Democracy has been a major political phenomenon in the modern world. First, since its emergence in Ancient Greece with philosophers such as Plato discussing various principles that guide the body politic, it has enjoyed tremendous growth over the years and across the continents. This essay addresses this concept in detail and provides an overview of the various forms of democracy that are in place. As a basis, the author acknowledges the underlying fact that democracy does not have specific definition. However, the concepts of freedom and unity are of paramount importance to the exercise of democracy in any form. Further, the writer goes ahead to analyze the various obstacles to democratic consolidation as well as the factors that promote it. In the author’s understanding, democracy is an achievement that should be promoted in society because of the inherent support for human autonomy and unity. In states such as South Africa, democracy has paved way for a thriving economy featuring infrastructural development. Furthermore, because of democracy, societies have limited conflicts among other societal problems.
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Introduction to Democracy and Democratic consolidation
It is amazing the way societies achieve their common objectives despite the different needs exhibited by the various society members. However, all these point to the different forms of governance that exist. In addition, the forms of governance represent a set of political establishments by which a government of a state is organized in order to exercise its powers over a house in the assembly body politic; synonymous to government system. These forms include the following, democracy, traditional, autocracy, parliamentary, party system, confederation, unitary of federation, to name but a few. In this essay, the writer pays strict attention to the democracy, its consolidation, its obstacles, as well as its enabling factors.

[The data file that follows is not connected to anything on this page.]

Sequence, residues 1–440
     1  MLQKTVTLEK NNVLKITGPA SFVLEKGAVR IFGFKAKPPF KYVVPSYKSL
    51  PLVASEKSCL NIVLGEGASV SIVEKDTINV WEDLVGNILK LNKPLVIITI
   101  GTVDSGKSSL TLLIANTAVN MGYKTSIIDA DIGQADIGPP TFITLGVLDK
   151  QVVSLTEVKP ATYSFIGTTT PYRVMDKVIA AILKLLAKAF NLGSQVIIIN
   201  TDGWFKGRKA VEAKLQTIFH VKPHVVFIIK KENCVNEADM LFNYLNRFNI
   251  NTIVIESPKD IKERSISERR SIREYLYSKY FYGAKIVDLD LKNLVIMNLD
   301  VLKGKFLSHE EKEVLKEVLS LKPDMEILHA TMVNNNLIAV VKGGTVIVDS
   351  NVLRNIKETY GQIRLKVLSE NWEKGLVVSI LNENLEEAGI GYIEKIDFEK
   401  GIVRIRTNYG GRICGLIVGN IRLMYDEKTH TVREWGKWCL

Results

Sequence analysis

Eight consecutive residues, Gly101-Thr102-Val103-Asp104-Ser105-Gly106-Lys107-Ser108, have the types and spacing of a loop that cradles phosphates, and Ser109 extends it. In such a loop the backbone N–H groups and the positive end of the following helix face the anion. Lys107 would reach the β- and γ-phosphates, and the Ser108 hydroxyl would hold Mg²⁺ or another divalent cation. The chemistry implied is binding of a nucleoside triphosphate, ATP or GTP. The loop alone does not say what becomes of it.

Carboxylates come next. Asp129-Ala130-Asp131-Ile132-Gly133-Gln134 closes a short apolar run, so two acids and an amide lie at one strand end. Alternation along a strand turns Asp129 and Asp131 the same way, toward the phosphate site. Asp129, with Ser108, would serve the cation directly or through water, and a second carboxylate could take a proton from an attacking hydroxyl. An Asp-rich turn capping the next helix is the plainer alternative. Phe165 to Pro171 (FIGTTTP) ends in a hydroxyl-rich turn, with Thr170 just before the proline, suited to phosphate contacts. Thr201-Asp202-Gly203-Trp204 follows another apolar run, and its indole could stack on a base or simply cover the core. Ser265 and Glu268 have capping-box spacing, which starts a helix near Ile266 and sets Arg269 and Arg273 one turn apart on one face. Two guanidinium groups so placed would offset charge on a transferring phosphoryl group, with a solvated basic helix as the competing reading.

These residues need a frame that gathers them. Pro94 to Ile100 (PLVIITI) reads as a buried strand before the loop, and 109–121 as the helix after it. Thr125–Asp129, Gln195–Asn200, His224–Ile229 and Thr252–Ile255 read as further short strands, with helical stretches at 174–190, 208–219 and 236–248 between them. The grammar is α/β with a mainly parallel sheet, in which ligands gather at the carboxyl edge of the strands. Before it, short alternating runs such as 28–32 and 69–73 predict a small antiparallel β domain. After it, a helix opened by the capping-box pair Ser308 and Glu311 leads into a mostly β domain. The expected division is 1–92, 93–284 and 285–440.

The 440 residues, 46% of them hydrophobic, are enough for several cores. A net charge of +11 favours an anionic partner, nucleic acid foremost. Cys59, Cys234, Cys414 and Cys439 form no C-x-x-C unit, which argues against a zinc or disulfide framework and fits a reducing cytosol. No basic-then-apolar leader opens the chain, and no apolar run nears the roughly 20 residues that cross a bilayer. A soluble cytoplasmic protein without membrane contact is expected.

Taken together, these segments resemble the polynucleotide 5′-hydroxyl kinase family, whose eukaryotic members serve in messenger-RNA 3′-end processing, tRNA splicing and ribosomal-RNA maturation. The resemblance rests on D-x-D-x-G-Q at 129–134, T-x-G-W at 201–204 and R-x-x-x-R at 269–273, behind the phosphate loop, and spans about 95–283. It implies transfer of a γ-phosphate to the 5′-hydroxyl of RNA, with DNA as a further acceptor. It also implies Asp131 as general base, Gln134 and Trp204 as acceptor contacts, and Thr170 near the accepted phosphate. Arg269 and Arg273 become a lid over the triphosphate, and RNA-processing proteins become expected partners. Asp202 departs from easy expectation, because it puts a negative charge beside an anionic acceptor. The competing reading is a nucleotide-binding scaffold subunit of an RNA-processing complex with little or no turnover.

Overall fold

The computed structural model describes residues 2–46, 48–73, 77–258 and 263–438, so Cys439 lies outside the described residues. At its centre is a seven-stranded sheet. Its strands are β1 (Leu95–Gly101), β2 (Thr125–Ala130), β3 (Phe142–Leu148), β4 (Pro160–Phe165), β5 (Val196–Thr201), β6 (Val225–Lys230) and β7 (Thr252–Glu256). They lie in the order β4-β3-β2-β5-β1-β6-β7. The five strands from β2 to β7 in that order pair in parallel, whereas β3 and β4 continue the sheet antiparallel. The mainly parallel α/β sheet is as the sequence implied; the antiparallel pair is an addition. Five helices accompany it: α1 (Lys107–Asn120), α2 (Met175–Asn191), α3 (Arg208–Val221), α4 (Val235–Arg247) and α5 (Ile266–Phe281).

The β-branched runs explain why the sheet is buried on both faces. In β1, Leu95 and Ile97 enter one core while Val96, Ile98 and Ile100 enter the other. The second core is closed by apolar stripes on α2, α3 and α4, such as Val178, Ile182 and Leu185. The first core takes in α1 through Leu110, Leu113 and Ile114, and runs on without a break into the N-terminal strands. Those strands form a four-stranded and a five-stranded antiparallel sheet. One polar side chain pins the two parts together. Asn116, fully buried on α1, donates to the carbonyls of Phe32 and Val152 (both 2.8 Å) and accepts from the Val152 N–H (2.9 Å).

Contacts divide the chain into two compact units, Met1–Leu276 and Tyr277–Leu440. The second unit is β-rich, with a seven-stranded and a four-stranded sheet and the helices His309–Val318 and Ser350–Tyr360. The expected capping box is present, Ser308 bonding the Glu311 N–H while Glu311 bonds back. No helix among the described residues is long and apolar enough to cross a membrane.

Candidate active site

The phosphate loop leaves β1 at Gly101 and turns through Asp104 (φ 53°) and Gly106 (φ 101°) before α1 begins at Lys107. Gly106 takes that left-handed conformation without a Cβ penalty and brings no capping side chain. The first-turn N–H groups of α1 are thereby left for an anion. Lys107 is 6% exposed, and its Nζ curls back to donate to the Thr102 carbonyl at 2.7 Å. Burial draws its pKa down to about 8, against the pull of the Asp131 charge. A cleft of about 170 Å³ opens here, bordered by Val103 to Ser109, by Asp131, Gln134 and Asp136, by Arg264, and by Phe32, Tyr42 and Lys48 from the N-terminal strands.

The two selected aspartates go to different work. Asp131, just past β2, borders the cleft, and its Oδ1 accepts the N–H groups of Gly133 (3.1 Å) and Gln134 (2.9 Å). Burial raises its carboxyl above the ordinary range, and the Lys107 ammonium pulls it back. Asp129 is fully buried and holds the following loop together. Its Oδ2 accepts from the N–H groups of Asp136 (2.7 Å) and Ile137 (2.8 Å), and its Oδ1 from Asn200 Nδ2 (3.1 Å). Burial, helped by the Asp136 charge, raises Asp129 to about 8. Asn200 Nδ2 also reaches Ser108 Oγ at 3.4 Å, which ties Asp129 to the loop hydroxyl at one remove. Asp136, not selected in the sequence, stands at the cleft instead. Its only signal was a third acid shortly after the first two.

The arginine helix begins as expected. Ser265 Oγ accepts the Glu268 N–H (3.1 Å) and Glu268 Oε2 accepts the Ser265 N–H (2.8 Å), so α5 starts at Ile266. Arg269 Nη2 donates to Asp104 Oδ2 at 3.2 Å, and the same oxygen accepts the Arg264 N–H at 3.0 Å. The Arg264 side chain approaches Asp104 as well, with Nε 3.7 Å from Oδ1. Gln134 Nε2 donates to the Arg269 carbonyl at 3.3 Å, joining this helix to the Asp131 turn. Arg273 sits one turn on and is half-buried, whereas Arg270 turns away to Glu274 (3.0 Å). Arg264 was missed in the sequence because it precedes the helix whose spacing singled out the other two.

It is not so easy, as it may seem, to define democracy. For instance, some people may consider the United States to be a representative republic, whereas others may consider the former Soviet Union as a totalitarian state. Nevertheless, coming with an effective definition of a government is quite complicated. Its trickiness comes in when trying to identify the basics of the form under scrutiny. For example, in the case of democracy, if one cites election as a distinguishing factor, countries that feature authoritarianism and representative regimes both use elections in order to elect members to public office.
To start with, democracy represents a political type of government, which derives governing power from people either through the referendum process, which is also referred to as direct democracy, or by the elected representatives of the people, also referred to as representative democracy. Democracy etymologically originates in the Greek work demokratia, and designates the people’s rule, that was invented from demos (people), and Kratos (power) between the 4th and 5th century BC with an aim of designating political systems that were prevalent in some Greek city-states such as. However, democracy does not have specific universal definition but the most crucial factors are freedom and equality. Nevertheless, in democracy, all members within the regime should be equal in terms of their adherence to law, and they should be able access power without discrimination. As an illustration, for instance in the case of representative democracy, all members possess equality in terms of their right to vote, and freedom to solicit for votes in order to be elected into public office. Moreover, these rights are protected by the use of a constitution (Cheibub, Dahl and Shapiro, 2003; Preuss, 1991:353).